“We take top students and we take students with potential,” Alisa Lawson-McKinnie, Principal of the Early College Program at Cleveland Heights High School, said.
When lawmakers created the college credit plus initiative in 2013-2015 budget, part of the idea was to make sure all Ohio high school students knew about it.
They required every school district to explain the free college opportunity in a public meeting and as they suspected, participation increased.
“We’ve seen about a 20 percent increase in student enrollment in the college credit Plus courses,” said Robert Swaggard, Coordinator of Secondary Education for the Cleveland Heights District’s Board.
He continued, “From our district's perspective...the program allows for great access…increasing enrollment in AP courses for minority students, how we offer additional support for our students.”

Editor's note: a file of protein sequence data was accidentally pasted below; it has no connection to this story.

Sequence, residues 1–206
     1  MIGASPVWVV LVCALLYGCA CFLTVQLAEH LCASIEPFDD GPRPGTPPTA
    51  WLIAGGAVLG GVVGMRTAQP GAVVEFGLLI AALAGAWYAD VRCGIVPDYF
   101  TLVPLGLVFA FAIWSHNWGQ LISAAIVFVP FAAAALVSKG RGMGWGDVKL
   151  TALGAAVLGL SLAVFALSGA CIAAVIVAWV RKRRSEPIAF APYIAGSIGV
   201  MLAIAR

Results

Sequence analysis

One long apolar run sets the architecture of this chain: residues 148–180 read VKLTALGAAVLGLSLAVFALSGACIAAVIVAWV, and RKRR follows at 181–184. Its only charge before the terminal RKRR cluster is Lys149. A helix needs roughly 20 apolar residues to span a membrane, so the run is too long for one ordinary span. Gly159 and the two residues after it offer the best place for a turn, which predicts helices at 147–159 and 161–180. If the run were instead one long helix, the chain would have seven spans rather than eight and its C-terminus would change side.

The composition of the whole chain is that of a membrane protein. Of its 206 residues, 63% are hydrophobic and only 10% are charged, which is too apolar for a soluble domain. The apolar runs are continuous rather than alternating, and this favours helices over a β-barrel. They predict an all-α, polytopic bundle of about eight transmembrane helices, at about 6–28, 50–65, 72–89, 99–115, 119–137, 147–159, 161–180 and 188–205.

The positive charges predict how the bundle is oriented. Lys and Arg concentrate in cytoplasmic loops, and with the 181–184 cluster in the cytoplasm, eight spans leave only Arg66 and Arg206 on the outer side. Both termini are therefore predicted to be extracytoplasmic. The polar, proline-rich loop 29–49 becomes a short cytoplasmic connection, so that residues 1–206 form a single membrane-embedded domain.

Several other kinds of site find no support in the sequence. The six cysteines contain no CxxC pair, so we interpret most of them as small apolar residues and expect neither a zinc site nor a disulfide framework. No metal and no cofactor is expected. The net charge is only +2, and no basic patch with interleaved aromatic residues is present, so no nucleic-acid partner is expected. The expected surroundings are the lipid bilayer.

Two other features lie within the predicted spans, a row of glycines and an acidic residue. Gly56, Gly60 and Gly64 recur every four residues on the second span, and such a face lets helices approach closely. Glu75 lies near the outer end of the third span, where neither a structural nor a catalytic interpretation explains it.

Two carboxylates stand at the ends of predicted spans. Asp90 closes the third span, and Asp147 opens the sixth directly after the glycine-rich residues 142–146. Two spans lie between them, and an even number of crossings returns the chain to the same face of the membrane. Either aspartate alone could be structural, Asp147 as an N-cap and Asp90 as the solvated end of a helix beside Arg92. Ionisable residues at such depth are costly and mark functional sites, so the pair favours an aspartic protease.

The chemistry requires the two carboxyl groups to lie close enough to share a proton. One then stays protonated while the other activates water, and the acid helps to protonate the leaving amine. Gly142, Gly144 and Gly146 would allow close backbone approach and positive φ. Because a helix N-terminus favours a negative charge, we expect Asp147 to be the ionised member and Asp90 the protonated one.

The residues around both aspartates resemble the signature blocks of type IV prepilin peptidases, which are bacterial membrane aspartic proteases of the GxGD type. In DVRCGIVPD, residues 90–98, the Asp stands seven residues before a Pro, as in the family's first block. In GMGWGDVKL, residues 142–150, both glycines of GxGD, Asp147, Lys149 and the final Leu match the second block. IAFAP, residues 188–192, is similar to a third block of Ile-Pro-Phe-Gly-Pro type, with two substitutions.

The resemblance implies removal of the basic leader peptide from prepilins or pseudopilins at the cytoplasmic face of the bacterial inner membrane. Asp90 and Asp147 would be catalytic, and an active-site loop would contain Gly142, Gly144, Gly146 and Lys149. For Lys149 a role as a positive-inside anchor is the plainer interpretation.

Statewide, nearly 32,000 students have participated since its inception. That's up from 15,000 from the state’s previous post-secondary program.
Lawson-McKinnie said about the Early College Program, “Our goal is to provide all of our students with college experiences and exposure.”
Jonathan Hicks is a senior at Cleveland Heights High school, but is also a full-time college student at John Carroll University.
He explained the rigor of the course, but said eventually, he adjusted.
“It’s overwhelming at first, but after the first year you come out of it and you’re like that’s it?”
He’s part of the first graduating class in the early college program -- a function of college credit plus, that starts kids off in the ninth grade.
Hicks said, “I felt prepared to be on equal level with all the college students that are at JCU.”
In the fall, he'll be stepping into college as a junior, giving him only two years left to complete his undergraduate degree in bioengineering.
He said, “It feels pretty great like it makes me feel like all this was worth it, that all my hard work paid off.”
He also expressed his gratitude toward the program be allowing him the opportunity to make strides ‘early’ toward his ultimate goal.
“I owe a lot to this program, they were a support system when I was down, when I was frustrated…and they kind of, whenever I fell back down the mountain, they pushed me back up it.”